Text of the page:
Why did I pick this book: This was the pick for my book group for January.
Did I enjoy this book: It was okay. I thought Knit Two was kind of boring. It took me a long time to finish this book. I just didn’t care if I picked it up and continued reading it.
I found Knit Two to be confusing because of the changing of perspectives. There are a lot of characters and the transitions between whose story was being told was not always clear. Not all of the characters were that sympathetic. I just did not care about them. James was too overprotective and worried about appearances. He needed to let Dakota live and choose her own path in life. She seems like an exceptional baker, so why not allow her to go to culinary school? And what was the big deal with her being an au pair for her friend’s daughter? That was a chance of a lifetime…a summer in Italy! James was just too sensitive.
I did like Darwin’s transformation. She seemed to take to motherhood fairly easily. I also liked that she finally asked for help and accepted it. And she really got into knitting. She was probably my favorite character.
The book started to move for me once the story shifted to Italy. From that point on, I wanted to see how it ended. I cared about the characters a bit more at this point. It kept me interested. I did enjoy the ending. Some of the characters redeemed themselves and became a bit more likable in my eyes.
Would I recommend it: Only if you read the first book, The Friday Night Knitting Club (see my review here), and you really want to know what happens to these ladies.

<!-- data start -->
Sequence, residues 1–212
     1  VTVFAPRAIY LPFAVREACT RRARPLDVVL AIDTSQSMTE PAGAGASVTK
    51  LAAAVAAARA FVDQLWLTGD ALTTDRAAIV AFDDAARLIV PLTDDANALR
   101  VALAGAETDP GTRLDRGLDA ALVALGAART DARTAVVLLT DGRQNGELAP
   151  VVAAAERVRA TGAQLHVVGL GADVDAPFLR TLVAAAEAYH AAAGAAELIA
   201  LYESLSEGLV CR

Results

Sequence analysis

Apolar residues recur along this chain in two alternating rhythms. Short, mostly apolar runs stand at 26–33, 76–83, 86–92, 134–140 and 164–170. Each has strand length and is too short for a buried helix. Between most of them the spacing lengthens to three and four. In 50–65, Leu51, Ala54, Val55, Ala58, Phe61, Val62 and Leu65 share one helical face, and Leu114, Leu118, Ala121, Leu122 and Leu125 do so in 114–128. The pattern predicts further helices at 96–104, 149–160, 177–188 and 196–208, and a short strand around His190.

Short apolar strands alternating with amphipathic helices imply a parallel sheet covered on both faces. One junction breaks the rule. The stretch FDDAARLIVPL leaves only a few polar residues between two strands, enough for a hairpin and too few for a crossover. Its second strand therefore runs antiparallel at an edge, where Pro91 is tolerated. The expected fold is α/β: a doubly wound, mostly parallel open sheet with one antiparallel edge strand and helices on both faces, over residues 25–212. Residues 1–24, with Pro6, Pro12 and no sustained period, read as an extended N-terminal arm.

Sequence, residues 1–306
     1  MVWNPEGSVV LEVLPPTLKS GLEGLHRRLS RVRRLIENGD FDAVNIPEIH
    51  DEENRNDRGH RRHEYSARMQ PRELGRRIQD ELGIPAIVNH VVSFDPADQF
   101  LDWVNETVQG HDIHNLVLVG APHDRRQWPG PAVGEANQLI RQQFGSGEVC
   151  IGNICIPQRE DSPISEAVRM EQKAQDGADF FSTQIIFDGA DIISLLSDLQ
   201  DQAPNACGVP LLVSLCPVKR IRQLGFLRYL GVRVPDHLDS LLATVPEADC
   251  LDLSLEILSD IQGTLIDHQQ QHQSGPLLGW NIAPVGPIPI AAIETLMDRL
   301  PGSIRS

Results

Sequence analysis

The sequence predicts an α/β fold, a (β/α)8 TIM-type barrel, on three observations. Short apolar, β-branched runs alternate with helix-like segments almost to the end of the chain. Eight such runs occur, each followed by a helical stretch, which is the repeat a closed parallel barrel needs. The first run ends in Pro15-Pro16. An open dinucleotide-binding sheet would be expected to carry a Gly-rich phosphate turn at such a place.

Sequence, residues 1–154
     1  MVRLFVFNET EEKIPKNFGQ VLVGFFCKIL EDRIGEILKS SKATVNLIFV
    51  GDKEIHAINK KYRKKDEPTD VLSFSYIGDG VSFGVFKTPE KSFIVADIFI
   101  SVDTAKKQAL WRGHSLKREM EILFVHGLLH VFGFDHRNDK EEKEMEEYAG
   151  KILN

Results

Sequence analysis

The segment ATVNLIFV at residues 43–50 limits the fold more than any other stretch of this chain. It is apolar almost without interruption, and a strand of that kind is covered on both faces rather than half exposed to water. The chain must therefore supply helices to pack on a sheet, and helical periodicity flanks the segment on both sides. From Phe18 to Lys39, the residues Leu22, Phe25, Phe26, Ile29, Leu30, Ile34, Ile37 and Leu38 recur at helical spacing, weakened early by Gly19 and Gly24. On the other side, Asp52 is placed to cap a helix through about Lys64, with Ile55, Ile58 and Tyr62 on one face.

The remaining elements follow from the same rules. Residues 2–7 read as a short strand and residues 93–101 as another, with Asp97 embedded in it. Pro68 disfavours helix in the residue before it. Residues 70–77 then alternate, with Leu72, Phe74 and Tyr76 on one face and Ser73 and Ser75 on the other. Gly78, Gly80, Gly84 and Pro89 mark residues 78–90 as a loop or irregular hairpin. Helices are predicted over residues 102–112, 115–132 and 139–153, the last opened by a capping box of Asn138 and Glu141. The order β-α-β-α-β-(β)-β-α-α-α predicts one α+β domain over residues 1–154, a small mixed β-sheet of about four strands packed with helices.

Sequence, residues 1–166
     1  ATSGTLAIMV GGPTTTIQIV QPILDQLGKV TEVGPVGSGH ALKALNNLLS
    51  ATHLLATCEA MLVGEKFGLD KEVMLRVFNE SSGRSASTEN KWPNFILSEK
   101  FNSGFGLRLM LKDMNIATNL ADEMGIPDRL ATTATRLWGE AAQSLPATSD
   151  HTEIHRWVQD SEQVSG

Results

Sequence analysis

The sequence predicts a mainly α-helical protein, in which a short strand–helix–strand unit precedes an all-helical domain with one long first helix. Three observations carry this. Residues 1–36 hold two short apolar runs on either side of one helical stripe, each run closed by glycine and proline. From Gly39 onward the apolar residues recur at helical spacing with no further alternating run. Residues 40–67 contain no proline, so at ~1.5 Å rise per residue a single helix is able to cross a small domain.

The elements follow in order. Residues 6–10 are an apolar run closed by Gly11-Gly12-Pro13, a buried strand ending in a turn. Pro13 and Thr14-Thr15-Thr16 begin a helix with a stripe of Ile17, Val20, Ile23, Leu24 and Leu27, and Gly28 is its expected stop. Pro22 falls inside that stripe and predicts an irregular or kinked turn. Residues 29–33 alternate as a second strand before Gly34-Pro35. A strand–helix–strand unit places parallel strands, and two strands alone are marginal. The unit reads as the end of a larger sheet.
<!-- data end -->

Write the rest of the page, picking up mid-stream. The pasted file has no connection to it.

Will I read it again: I will not.
About the book – from Goodreads: The sequel to the number-one New York Times bestseller The Friday Night Knitting Club, KNIT TWO returns to Walker and Daughter, the Manhattan knitting store founded by Georgia Walker and her young daughter, Dakota. Dakota is now an eighteen-year-old freshman at NYU, running the little yarn shop part-time with help from the members of the Friday Night Knitting Club.
Drawn together by the sense of family the club has created, the knitters rely on one another as they struggle with new challenges: for Catherine, finding love after divorce; for Darwin, the hope for a family; for Lucie, being both a single mom and a caregiver for her elderly mother; and for seventy something Anita, a proposal of marriage from her sweetheart, Marty, that provokes the objections of her grown children.
As the club’s projects – an afghan, baby booties, a wedding coat – are pieced together, so is their understanding of the patterns underlying the stresses and joys of being mother, wife, daughter, and friend. Because it isn’t the difficulty of the garment that makes you a great knitter: it’s the care and attention you bring to the craft – as well as how you adapt to surprises.